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Brick Break

Martial artists showing they can break bricks and/or boards with a single barehanded blow because they're martial artists. They often Kiai while doing so.

The fancy version of this is to break not the first object you hit, but the one behind it, or a specific one in a sequence. Thus demonstrating you have not only brawn, but control. The usual subversion is for someone to hurt their hand after failing to break the boards/bricks. Doing this at various levels of difficulty is often one of the criteria for advancement in rank. This can be taken to Up to Eleven levels in fiction, where characters are allowed to break the bricks with one finger or their minds or whatever.

For when a character doesn't break but literally cuts the blocks in pieces, see Razor Sharp Hand.

Has nothing to do with LEGO bricks or Arkanoid. A Flying Brick presents somewhat more of a challenge.


Examples

Anime
  • Akane in Ranma ˝, usually to relieve stress. Even the opening narration shows her doing this Once an Episode.
    • Ryouga learned a technique later in the series that allowed him to break boulders with a Finger Poke of Doom.
      • Actually, any kind of solid non-living matter he could punch his finger through (for starters, he could WRITE on stone by punching holes with his finger prior to mastering this technique), so this is useless used directly against living things (this doesn't make him shy to explode boulders and open craters near enemies, though)
  • Goku of Dragon Ball did it with a single finger when Oolong challenged him to.
    • Also, Mr. Satan breaks a stack of tiles to show how powerful he is. (Cell was not impressed.) Also a slight subversion, as he always, without fail, breaks all but ONE brick... which still settles him as a Badass Normal.
  • In Dr. Slump, there's a scene where Suppaman tries to convince Arale that he's impressive by setting up a stack of five clay tiles and breaking three of them with a punch (And boasting about it afterward while holding is sore fist). Arale responds by casually punching the Earth and cracking it in half.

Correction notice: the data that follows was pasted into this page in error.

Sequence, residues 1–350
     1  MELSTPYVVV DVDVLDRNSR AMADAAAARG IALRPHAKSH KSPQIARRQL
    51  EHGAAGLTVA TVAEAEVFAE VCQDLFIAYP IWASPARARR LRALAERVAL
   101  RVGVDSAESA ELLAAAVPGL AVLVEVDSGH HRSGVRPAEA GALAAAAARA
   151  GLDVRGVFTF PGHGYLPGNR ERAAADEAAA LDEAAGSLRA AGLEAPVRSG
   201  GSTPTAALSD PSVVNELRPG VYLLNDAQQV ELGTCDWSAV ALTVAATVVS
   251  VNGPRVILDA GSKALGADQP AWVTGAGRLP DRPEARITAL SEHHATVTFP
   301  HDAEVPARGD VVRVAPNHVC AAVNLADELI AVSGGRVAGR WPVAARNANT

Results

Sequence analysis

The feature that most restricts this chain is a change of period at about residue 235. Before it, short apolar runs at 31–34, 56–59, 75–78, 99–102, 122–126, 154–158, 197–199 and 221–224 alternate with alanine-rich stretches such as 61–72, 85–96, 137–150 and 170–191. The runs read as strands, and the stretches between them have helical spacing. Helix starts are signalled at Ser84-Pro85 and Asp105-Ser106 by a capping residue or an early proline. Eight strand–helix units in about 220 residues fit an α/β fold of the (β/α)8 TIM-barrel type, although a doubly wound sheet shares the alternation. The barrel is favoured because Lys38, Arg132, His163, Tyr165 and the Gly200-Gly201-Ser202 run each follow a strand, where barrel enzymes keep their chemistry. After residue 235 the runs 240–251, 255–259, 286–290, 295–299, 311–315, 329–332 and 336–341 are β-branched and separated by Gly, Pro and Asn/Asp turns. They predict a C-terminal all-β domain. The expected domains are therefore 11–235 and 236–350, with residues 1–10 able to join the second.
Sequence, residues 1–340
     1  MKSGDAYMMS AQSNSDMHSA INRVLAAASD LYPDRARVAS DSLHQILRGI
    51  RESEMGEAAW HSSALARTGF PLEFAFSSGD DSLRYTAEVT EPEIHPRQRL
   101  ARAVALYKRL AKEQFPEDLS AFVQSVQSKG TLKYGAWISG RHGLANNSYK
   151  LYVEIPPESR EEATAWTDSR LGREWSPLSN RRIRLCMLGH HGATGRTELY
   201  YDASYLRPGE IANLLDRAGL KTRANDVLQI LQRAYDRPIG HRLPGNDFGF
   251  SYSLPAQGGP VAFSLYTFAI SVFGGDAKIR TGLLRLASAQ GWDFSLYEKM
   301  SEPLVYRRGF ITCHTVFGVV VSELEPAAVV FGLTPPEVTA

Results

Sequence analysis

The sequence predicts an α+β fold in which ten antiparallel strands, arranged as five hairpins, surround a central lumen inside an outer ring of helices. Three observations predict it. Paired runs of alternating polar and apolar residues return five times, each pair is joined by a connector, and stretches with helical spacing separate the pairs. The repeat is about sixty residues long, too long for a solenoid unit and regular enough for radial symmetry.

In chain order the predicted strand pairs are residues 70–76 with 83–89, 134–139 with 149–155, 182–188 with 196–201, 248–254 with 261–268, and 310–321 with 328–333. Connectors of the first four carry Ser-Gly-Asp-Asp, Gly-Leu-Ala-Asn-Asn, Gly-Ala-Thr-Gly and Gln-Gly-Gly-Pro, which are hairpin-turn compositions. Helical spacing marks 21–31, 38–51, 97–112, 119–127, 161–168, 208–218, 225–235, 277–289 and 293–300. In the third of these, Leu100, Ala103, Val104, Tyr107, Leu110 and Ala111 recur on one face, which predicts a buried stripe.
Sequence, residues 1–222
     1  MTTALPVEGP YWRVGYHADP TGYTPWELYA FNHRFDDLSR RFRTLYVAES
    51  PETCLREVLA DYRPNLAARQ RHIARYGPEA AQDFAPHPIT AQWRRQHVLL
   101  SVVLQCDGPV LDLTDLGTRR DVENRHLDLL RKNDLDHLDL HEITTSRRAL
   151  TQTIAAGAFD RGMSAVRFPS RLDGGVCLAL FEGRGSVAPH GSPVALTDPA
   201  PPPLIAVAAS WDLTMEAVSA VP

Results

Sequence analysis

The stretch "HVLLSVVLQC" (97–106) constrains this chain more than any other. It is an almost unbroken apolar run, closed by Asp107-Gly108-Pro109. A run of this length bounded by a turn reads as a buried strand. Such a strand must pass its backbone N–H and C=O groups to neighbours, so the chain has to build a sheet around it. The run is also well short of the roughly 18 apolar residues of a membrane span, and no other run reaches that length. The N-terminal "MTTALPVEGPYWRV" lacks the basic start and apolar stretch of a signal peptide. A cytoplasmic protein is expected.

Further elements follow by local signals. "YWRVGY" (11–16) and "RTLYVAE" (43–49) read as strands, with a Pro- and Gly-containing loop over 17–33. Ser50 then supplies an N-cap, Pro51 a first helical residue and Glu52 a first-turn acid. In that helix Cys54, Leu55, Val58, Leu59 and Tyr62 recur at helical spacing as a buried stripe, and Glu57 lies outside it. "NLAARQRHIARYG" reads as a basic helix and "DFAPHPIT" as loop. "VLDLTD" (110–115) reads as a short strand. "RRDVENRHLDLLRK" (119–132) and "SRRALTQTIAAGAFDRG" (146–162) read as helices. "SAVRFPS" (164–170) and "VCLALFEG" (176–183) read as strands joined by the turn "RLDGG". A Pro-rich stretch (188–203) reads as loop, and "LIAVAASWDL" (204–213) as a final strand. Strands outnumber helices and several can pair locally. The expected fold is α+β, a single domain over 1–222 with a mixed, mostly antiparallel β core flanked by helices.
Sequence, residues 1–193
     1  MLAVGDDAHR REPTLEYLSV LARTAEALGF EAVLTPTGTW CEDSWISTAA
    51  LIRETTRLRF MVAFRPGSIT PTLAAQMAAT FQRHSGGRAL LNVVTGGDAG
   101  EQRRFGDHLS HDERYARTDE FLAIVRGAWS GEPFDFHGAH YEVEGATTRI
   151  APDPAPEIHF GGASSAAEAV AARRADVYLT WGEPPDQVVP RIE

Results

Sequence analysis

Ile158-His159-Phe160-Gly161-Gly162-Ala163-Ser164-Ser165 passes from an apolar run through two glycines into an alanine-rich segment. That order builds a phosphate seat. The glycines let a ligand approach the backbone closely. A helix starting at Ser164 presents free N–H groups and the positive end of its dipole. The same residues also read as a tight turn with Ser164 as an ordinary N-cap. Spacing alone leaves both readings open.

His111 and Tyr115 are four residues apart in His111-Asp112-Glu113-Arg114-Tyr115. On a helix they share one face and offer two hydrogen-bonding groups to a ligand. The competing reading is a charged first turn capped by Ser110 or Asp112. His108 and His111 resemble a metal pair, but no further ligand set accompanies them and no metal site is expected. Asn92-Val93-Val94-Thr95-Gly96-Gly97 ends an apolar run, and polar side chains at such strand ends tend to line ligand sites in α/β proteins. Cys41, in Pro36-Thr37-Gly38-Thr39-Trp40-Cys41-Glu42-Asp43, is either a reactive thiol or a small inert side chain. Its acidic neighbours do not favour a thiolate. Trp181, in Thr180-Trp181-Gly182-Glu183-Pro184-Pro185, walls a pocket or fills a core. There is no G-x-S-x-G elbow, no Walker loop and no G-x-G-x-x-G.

• Kuu Fei in Mahou Sensei Negima! moved on to boulders once bricks didn't provide enough of a challenge. And when those stopped being a challenge, she moved on to mountains.
    • Love Hina's Motoko is capable of cutting objects with her bare hands. She can even cut objects behind other objects without harming the front object. This is a result of her martial arts style, the Shinmei Ryu. Note that this style is practiced by Setsuna, Eishun, and a few others in Negima, as well as Kurōmaru in UQ Holder. Guess why.
  • An episode of Pokémon featured a contest where Croagunk had to break several bricks in order to proceed, using the Brick Break technique mentioned below. Brock's Croagunk managed to break all of them. Meowth, disguised as a Croagunk, only managed to break his hand.
    • A later episode featured the same thing, but with Oshawott and Dewott using scalchops to break the bricks. Meowth participates in this one too, disguised as a Dewott, using high tech scalchops that manage to break all twenty of the bricks, where the top competitors could only manage around ten or so.
  • The Karate Club of Youkai Academy in Rosario + Vampire once had a contest to see who could break the most tombstones. Kokoa won, beating the record set by the club captain.